The main problem with this novel is it encapsulates everything wrong with a small town, but by doing so makes itself very dull. The main conflict is Carol Kennicott trying to bring culture to an otherwise boring town. Because of that, Lewis spends some 400 pages (depending on your edition of course) detailing this conflict. The book is dull beyond comparison. At about page 250 to 300 you're wishing it was over. It just drags on and on and on and on. Everything that is wrong with the small towns (in the book) is wrong with this novel. That does not happen very often where what the theme is saying "correct this about society" the reading public is saying "correct this about this novel". Lewis is a literary anomaly, and his success rides largely on what era he is from - people read a lot more back then, and if this was published now, although of high literary merit this would not be successful at all.

It would have made a great short novel. It would be far more tolerable, and probably much more read. I respect what it did, showing what is wrong with small towns (although it is not a balanced portrait - the towns are not as horrible, and there is some redemptive qualities. But Lewis does pretty much hit everything on the head).

The style Lewis employed reads rather stodgy. There have been critical attacks on his style, while respecting his work. People say (this is the only work I have read by him) that all of his stuff is like this, as far as attacking different areas. MAIN STREET is directed to the small towns, ARROWSMITH to the profession of Medicine, ELMER GANTRY about the superficiality of some preachers and how they can be robbers as well as men of God, and then there's BABBITT, which is about the small time business man who has no moral scruples. DODSWORTH is also listed as a major work, though I don't know that one. BABBITT influenced Tolkien on his children's masterpiece THE HOBBIT and I've been meaning to read it for years, but I won't be able to wade through another Sinclair Lewis novel for quite sometime (BABBITT and MARVELOUS LAND OF THE SNERDS [SNERDS some type of fantasy book] are both 'source books' for THE HOBBIT, which makes them notable) . After finishing this, I daren't look at another Sinclair Lewis novel for at least a few years. I can barely stand to pick my own copy up of MAIN STREET and look at it, because I had to read it in a shortly compressed time and I was so ready for it to end. Someone said in a previous review Lewis cut 20,000 words from it - he should of cut half the novel and slim it down to maybe 150 or 200. It would also make an excellent story. Lewis researched his stuff meticulously, and he does deserve merit for his realistic portrayal of his chosen subjects. It is right on about the problems of a small town.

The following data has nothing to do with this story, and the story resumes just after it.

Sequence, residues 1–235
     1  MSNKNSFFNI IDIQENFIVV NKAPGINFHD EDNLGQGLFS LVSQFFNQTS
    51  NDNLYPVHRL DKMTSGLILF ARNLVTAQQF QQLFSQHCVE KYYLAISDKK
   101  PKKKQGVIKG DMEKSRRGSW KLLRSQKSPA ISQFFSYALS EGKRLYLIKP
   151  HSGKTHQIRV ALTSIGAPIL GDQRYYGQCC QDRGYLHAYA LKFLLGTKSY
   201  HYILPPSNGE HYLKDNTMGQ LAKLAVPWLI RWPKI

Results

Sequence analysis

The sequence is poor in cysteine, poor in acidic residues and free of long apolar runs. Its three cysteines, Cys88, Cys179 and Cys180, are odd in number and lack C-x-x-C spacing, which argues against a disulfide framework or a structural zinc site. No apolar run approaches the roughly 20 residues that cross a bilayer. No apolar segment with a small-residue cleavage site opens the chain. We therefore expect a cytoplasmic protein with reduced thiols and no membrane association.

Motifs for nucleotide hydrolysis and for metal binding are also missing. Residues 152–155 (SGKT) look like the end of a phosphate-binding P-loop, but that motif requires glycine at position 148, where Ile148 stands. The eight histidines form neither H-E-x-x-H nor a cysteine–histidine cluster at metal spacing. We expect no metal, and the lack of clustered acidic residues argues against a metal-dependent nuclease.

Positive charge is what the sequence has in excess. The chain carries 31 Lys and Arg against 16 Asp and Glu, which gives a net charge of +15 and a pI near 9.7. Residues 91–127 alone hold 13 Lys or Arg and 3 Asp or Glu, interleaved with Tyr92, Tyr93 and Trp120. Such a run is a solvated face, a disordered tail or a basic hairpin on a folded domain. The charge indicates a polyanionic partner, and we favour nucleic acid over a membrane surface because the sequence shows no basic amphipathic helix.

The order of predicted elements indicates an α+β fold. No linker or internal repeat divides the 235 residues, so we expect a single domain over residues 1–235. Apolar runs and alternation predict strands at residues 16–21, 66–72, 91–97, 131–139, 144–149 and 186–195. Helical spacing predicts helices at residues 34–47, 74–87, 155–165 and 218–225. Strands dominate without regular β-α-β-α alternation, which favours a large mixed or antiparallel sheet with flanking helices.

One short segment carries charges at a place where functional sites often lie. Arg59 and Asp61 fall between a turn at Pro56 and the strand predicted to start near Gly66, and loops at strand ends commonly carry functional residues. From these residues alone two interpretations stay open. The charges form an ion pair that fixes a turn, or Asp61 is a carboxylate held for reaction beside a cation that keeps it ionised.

Notable scenes:

The train ride up to Gopher Prairie. Very nice descriptions and fully realised scene. My personal favorite.

Belle (a Swede) and Carol look at Main Street for the first time. We get both their contrasting perspectives. Belle comes from an even small town thinks its great, Carol hates it.

Washington, when she leaves.

Unfortunately, the first two occur at the first, this at the last. Very dull and boring. Would like to see this theme used for a short story or a novel (it would make a great short story or novella). About the most interesting thing in between all of that is Miles Bjornstam and Belle, which is Carol's maid. Guy Pollack and Vida Sherwin are also are interesting. Raymie the artist is supposedly based from Lewis's own life. Dr. Kennicott is very well realized, and very patient with "Carrie", as he calls her (I prefer that over Carol - I don't like the name Carol, and do Carrie.). But these characters are not enough to redeem this from a pleasurable reading session. It is the one of the numerous obligations of the writer to entertain his/her readers (of course, it is the lowest purpose). But there must be entertainment value to the novel to get on past that and into the themes and what the writer is trying to say. Bestsellers are out of balance - all plot and entertainment with no real high theme they wish to make, and this is out of balance too with all high qualities and ideals and yet no entertainment value at all, with most people wanting to give up in the middle, which I certainly did (someone said they think Lewis is one of those writers if you read one of his books you've pretty much read all of his books, and they're all the same, which is probably true). Lewis seems to have forgotten that in this excruciatingly dull novel.

3 stars just for the sheer impact of the novel. Personal taste, 1 star, so give 2 stars, though probably deserves higher than that.